ADAR1 and RNA editng
- Research Opportunity
- PhD, Masters by Research, Honours, Master of Biomedical Science
- Project Status
- Medicine and Radiology
- St Vincent's Hospital
|Dr Carl Walkley||Personal web page|
|Dr Alistair Chalk||Personal web page|
RNA editing is a widespread process that modifies the cellular transcriptome. A-to-I editing is the most prevalent form of RNA base modification in humans and other mammals and can lead to structural and functional changes in the RNA or encoded protein. Genomically encoded adenosine (A) is converted to inosine (I) in double stranded RNA (dsRNA) substrates. Inosine is interpreted as a guanosine (G) during translation, thus harboring the potential to alter the protein coding sequence of mRNA substrates. However, A-to-I editing predominantly occurs in non-coding, repetitive elements such as inverted Alus and short interspersed elements (SINE). Editing is primarily observed at relatively low levels (<5%) of any given substrate, with several notable exceptions. In some cases, hyper-editing can occur, resulting in up to 50% of adenosines being converted to inosines in a single RNA substrate. Estimates of the number of individual editing sites range from hundreds of thousands to millions in human cells, but only tens of thousands in the mouse.
This project will apply mouse models that are unique to definitively understand the consequences of ADAR1 editing on non-coding and small RNA species (see our recent publication: Liddicoat et al., RNA editing by ADAR1 prevents MDA5 sensing of endogenous dsRNA as nonself. Science Published online 23 July 2015 [DOI:10.1126/science.aac7049]).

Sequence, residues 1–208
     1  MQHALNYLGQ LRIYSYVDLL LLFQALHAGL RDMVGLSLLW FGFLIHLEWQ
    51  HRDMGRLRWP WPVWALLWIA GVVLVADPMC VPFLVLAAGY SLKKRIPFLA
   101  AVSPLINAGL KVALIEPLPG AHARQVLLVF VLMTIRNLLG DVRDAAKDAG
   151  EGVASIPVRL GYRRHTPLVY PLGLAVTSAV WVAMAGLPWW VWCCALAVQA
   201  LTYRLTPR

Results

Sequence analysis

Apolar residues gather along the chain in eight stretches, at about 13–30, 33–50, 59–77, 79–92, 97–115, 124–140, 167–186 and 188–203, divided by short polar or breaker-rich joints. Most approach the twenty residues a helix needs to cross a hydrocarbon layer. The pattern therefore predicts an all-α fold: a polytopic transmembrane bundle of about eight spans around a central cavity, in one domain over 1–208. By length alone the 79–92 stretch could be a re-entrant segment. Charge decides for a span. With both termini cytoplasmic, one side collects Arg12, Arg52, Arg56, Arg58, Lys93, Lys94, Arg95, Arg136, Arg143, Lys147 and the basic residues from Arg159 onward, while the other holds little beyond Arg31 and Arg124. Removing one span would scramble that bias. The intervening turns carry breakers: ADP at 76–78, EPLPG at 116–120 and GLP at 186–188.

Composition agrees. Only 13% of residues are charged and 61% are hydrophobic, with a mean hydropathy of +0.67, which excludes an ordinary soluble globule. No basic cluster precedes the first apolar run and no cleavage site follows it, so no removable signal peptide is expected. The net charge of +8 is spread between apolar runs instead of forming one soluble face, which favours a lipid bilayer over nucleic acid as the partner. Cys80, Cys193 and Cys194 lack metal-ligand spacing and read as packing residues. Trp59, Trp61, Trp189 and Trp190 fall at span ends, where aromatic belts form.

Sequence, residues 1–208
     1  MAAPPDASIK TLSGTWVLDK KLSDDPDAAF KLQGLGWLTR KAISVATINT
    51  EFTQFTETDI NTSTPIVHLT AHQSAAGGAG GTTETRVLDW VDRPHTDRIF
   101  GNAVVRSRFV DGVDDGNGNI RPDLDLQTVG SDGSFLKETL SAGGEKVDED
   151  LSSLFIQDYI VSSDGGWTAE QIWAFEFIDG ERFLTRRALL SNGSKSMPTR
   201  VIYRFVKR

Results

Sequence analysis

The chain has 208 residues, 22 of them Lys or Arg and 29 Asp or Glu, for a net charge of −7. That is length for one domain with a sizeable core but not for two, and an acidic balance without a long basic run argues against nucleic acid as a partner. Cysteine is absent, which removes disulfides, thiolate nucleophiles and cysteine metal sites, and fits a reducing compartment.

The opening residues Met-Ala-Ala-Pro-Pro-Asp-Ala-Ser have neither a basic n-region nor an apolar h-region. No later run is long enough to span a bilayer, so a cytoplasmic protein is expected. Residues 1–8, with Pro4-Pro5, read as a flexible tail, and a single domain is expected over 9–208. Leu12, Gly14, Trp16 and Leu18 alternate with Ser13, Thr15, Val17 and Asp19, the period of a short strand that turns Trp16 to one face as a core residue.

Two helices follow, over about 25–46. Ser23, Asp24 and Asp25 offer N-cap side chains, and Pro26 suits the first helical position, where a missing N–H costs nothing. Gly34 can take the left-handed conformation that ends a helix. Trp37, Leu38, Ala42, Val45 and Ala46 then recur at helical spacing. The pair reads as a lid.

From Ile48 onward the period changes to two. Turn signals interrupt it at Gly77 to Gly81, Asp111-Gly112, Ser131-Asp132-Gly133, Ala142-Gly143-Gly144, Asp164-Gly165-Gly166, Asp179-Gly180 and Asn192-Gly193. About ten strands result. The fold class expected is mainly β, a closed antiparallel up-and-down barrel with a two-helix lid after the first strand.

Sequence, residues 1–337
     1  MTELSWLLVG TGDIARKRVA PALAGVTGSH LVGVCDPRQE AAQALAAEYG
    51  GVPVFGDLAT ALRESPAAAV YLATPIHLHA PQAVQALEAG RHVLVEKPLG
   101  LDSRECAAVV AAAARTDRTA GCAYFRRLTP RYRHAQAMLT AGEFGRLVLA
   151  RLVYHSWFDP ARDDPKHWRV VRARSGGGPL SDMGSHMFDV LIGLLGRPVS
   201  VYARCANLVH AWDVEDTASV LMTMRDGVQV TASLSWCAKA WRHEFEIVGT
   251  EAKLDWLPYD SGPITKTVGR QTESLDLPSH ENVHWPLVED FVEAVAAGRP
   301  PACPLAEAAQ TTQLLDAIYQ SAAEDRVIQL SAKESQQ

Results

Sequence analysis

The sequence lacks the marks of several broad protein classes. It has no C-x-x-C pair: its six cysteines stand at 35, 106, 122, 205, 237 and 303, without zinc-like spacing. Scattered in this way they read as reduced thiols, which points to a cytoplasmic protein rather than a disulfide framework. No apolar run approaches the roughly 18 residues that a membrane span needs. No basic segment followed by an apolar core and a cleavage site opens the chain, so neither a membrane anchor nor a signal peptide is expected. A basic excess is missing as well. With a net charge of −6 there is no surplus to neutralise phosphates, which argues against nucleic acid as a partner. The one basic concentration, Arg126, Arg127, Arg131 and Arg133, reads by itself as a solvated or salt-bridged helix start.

We will work with our collaborators in Germany and the USA combining state-of-the-art genetic approaches and sequencing. This project will involve analysis of RNA sequencing and analysis of these datasets using multiple approaches. The student will learn to work with RNA sequencing datasets, apply variant calling and methodologies that assess hyperediting, and implement means to incorporate data from multiple platforms.
Skills focus: haematology analysis, PCR, RNA isolation, cell culture, Next generation sequencing, statistics, python & R, qPCR, gene expression, westerns, shRNA, RNAi, screening.
This project is conducted in St Vincent’s Institute of Medical Research, Stem Cell Regulation Unit.
Faculty Research Themes
School Research Themes
PhD, Masters by Research, Honours, Master of Biomedical Science Graduate Research Students who are interested in joining this project will need to consider their elegibility as well as other Graduate Research requirements before contacting the supervisor of this research
For further information about this research, please contact a supervisor.